the most impressive lessons of a di. Having finished his coffee and skele. vine : on seeing these, we are ready to tonian conversation, he conducted us exclaim into a mean apartment, filled with dried keletons, monstrous births, distorted And is this all! the poor remains of you {pines, and all the long et cetera which Who made so many tremble: you who, belong to the ftudy of anatomy; but Delpifing right and justice, bathed ią we turned with pleasure from a scene blood where there was nothing to amuse, but The mother and her siniling innocent! at the expence of our feelings, to an You, who mock'd at law's authority, eminent picture by Vandyke, wherein And bore, without controul, detested he has grouped several heads of the sway ?

(afhes most eminent in the professions of To think how low you lay, e'en your surgery and anatomy. Rembrandt's Cannot rest in peace ; but as the tranger piece is a chef d'æuvre. It represents looks a diffection, and is so nearly animated, With eyes of admiration on your bones, that a mind unaccustomed to such ope. The Keeper thakes the thong-bound rations feels a convulfive shock at this joints, and says, (prey'd well-executed counterfeit of reality. “ That man was a murd'rer, and nightly There are several portraits, two of Upon the defenceless and unwary !". which are attributed to Rubens; but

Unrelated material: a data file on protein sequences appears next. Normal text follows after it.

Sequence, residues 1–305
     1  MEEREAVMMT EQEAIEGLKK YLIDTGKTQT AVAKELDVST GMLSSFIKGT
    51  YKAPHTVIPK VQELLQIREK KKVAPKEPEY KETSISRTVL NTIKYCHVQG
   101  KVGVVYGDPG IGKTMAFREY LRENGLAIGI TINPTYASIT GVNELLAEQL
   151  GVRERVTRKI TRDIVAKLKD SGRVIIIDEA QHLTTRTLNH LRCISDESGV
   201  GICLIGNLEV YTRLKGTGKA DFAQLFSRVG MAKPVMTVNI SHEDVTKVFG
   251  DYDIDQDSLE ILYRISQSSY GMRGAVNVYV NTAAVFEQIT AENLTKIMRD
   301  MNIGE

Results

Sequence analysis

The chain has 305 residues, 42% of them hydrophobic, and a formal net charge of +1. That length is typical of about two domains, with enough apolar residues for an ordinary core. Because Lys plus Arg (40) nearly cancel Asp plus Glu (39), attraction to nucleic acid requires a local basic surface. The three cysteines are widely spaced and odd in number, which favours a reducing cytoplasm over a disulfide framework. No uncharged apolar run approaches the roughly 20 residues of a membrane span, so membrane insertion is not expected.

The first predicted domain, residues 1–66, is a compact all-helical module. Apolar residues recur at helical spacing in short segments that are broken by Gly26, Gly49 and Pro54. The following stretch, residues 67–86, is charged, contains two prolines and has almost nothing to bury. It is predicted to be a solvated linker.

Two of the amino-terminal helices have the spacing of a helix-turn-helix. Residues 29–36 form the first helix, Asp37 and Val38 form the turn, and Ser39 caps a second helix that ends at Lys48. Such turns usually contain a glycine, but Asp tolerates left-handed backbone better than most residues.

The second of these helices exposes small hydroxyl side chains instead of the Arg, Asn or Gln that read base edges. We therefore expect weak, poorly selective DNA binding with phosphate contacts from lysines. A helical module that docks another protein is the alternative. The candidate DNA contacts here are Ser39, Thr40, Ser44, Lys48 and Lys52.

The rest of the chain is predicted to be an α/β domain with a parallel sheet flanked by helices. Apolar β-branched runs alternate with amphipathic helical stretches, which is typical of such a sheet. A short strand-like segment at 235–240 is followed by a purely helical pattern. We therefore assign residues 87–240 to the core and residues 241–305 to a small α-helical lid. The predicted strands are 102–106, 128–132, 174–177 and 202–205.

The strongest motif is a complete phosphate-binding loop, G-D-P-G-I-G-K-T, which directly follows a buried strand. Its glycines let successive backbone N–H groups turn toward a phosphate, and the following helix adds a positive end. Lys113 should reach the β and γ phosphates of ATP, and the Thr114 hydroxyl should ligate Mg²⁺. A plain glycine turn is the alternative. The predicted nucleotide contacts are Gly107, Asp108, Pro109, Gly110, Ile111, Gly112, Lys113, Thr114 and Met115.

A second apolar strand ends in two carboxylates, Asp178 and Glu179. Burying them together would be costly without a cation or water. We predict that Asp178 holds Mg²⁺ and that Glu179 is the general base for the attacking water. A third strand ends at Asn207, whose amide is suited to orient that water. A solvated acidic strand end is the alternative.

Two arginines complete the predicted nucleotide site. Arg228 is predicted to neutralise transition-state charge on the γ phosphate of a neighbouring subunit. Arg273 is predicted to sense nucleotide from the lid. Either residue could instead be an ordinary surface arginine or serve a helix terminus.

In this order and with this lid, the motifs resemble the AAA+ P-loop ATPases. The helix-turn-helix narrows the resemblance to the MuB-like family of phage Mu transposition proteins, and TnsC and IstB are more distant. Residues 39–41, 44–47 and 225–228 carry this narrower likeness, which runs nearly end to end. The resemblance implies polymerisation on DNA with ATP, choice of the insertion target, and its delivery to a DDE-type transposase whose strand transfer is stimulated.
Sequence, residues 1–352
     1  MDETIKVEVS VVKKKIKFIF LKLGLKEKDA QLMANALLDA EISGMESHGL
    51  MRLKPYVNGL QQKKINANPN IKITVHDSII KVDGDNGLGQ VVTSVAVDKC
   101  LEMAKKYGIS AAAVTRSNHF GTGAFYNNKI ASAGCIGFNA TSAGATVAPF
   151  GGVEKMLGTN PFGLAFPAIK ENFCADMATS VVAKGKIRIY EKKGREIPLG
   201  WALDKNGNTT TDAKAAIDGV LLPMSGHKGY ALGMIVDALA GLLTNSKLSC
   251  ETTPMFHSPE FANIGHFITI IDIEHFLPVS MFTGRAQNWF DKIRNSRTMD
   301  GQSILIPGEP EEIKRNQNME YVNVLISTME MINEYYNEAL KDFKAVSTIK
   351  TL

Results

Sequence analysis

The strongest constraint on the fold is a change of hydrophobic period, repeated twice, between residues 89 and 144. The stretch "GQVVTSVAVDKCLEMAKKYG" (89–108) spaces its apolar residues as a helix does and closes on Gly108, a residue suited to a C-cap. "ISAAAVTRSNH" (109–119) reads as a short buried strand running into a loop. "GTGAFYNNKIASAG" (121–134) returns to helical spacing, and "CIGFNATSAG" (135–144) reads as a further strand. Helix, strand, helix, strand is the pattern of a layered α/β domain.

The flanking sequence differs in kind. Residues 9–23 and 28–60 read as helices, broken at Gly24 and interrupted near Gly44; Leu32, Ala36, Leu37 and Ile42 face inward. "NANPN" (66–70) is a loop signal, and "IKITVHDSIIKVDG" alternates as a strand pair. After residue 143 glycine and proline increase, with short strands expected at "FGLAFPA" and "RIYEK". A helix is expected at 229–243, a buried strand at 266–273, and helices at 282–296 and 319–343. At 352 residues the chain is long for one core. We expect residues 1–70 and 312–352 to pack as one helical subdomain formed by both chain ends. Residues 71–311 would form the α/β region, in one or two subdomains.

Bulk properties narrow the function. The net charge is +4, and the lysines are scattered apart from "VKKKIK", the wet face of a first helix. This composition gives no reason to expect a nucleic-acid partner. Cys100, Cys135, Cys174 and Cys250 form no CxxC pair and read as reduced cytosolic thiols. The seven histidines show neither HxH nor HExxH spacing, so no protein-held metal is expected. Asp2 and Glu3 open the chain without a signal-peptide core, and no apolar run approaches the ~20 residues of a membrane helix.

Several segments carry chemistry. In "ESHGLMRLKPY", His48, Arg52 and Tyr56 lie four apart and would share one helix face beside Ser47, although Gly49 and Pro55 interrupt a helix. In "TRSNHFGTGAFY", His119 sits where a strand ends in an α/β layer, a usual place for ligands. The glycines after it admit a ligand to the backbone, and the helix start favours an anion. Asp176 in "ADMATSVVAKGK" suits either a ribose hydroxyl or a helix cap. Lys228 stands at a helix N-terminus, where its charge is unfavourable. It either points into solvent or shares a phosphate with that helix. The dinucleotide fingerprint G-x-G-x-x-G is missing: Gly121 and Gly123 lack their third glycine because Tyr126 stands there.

Cursed thought ! the admirers of this great matter will And cursed luft of wealth! Was it to not be eafily perfuaded to allow them so much merit; it is certain that they are Riches for some prodigal ? or to stay vaftly inferior to the other works of The loud appeals of hungry appetite that divine painter.

And yawning want, that thus you The Anatomy Hall is circular, with bought a table in the centre, round which are So hateful an immortality ?benches for the Professors; and the Or did you with, like th' incendiary of Students are seated round on ranges old,


heap up

To gain a deathless name, however base of forming a true estimate of the state The arts you might employ to purchase it? of manners and society wherever me He fir'd a temple, and thus incurrid are : proceeding on such a plan, we The hot releniment ot its worshippers. tall perceive, that those leveral actions No! to court such fame was never your and propenfities which appear inconintent.

[ure, fitent at first view are parts of a You hoped to save your lives from forfeit- whole, and may be referred indiscrimiAnd steal unknown to dark oblivion's nately to one source, from wbich every cell.

Ljuitice would, thought and perception emanates. Yes! you never dreami, perhaps, that A national character every where With iron vengeance, overtake your exilts: the people may make some pro. crimes,